Broadway Spotlight: Mike Rollins
Mike Rollins is a fine artist who tutors at the Letchworth Settlement, demonstrates at local art societies and writes for Leisure Painter magazine. He is also a member of the Wynd Gallery co-operative group of artists in Letchworth.
Mike’s exhibition at the gallery depicts key buildings that inspired Emily Brontë when writing Wuthering Heights, whilst exploring the Yorkshire setting in which he grew up.
When did you first become interested in painting?
“I started when I was a kid” is a cliché answer, but it’s true! Painting is just an innate thing that I’ve done since I was young. But, after getting into local theatre I thought set design might be the way forward. I did a foundation course in art and design to begin with and then went on to get a BA Honours from Birmingham in theatre design, with hopes of eventually working on film sets. I deviated off this path when I got taken on as a designer of visitor attractions, working on museums and theme parks. After my son was born, I got to a stage where I wanted to work nearer to home. Initially I worked with some local heritage organisations, whilst my career gradually transitioned into fine art. I really wanted to take control of my creativity, and painting, like design, is just another way of communicating ideas.
Your work focuses on landscapes and cityscapes, what draws you to these settings?
It’s about atmosphere and creating a sense of drama. I think it’s something that initially drew me towards set design. The place itself becomes a character in the piece. You can tell a story without having people in it. You can take people on a journey through your painting through certain elements within the scene, like a path. When choosing a subject, I’m looking for a strange angle, or dramatic contrasts of dark and light. Especially if I’m trying to paint a place that’s very well known, I try to get a viewpoint that doesn’t say ‘tourism’. If I can’t get a new angle on it, I try and break up the image so that it becomes more interesting visually.
What’s your painting style?
My style has changed a lot over the years. Recently, I’ve moved more towards a cinematic style, almost bordering on illustration. I like playing with brush marks and allowing them to become a character in the piece. I love to get up close to a painting to see all the different mark making, textures, hues and techniques - creating work that seems abstract up close but is recognisable when further away. I like to use different tools to paint with as well, not just brushes, such as loyalty cards, rulers and sponges – anything that will leave an interesting mark.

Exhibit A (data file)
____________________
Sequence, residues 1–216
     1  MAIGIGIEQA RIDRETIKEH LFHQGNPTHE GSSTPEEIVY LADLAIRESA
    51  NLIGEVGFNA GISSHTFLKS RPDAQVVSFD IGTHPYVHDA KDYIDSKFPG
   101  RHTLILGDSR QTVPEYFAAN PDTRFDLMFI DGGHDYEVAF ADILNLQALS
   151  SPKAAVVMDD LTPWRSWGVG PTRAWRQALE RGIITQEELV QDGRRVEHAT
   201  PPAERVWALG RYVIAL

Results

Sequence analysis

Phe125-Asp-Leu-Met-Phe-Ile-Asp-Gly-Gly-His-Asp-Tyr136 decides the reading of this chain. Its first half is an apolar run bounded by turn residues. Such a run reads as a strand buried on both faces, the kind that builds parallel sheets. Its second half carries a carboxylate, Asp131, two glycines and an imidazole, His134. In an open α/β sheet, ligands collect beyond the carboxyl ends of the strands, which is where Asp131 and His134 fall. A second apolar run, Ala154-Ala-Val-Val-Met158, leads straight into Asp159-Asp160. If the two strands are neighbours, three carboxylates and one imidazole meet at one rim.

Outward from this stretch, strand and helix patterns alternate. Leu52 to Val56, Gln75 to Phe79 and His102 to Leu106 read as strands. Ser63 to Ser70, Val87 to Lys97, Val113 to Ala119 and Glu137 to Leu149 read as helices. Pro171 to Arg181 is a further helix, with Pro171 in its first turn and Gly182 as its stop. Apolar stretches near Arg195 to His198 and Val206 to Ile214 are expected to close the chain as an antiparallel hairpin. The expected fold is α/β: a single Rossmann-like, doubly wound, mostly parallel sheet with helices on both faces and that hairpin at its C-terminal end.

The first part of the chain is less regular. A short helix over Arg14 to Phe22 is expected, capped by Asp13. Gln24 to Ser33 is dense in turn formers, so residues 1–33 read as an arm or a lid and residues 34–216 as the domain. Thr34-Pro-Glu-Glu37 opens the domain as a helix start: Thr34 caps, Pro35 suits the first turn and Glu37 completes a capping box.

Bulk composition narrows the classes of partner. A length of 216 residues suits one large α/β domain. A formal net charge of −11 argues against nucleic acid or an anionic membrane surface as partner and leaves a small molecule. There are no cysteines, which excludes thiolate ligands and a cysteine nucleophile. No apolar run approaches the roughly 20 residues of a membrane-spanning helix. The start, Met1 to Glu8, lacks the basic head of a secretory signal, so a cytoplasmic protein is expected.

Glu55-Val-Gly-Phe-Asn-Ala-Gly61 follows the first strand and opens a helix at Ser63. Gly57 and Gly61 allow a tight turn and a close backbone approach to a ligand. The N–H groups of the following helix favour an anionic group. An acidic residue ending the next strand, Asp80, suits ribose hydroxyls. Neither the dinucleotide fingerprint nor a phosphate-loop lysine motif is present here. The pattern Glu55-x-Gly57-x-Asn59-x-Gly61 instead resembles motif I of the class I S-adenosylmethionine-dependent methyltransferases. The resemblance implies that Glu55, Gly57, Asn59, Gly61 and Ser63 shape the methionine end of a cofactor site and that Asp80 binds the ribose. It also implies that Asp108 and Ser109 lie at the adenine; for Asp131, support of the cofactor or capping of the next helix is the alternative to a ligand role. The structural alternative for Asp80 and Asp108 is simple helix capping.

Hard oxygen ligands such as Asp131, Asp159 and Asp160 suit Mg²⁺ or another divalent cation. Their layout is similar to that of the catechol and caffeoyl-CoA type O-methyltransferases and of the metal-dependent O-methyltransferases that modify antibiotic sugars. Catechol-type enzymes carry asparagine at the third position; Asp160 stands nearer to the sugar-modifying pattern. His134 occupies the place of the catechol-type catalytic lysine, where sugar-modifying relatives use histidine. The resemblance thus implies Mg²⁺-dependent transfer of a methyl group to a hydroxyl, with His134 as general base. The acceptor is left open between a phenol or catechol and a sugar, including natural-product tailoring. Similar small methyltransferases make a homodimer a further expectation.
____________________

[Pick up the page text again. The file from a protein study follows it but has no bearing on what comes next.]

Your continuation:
What will you be displaying at the gallery?
I’m going to be displaying work that focuses on Emily Brontë. I started painting this series in 2018, the 200th anniversary of her birth, as I wanted to commemorate both her life and her novel, Wuthering Heights.
The two main settings of the story, Wuthering Heights and Thrushcross Grange were inspired by numerous buildings and landscapes in West Yorkshire. Some have become tourist favourites, such as Top Withens on Haworth Moor, whilst others have been sadly demolished. I wanted to create a body of work that reconstructed some of these buildings as they were at the time of the Brontës, adding my own take on their stories.
Who or what are some of your artistic influences?
We discussed Edward Hopper in one of my classes recently. Looking back at his work, there’s a solitude in his work that I think I’ve picked up along the way. I love Gainsborough’s style of painting and some of his pastorals which are very sketch-like. The portraits themselves can be quite beautiful and exact in likeness, but everything apart from the face just melts away into the landscape beyond. In a similar way, I find inspiration from Constable - his sketch work, again, is very loose. I also love the big drama of a John Martin painting.
But certainly, growing up, I’ve been influenced more by literary figures, like the Brontë sisters and Ted Hughes. I love the atmosphere they create, and I think that’s because I grew up in West Yorkshire surrounded by the moors, deep valleys and black stone walls. Ted Hughes’ poetry creates images in my mind because of the way he describes the landscape. It’s just very emotive, guttural, and visual. Emily Brontë’s work really captured my imagination and, again, it’s her use of language to describe the weather and landscape. In Wuthering Heights, the Yorkshire moors and buildings become characters, just as much as Heathcliff and Cathy. More than anyone, it’s the Brontë sisters’ lives that have inspired me, especially because they lived and worked so close to where I grew up.
Do you think art has to have a narrative?
No, but I think that narrative is very important for me. I prefer to have a story in my head because it makes it more interesting for me to paint. There’s a mood I aim to create in the piece and hopefully someone catches that mood. But once my art leaves the nest it will be interpreted by somebody in their own fashion and my original intention won’t necessarily be clear. Sometimes people see something in a painting that I didn’t think of myself. You might have all these grand ideas about what’s going on in a painting but, at the end of the day, somebody might just like a particular colour.
What’s been your experience with The Broadway Gallery?
I’ve been to the gallery quite a lot over the years and I did a solo show there in 2015. Since then, I’ve shown in the Letchworth Open a couple of times. I just enjoy visiting. It’s lovely to have a quality gallery space available locally.
Mike Rollins work will be displayed in the gallery from 10 January until 4 February 2024.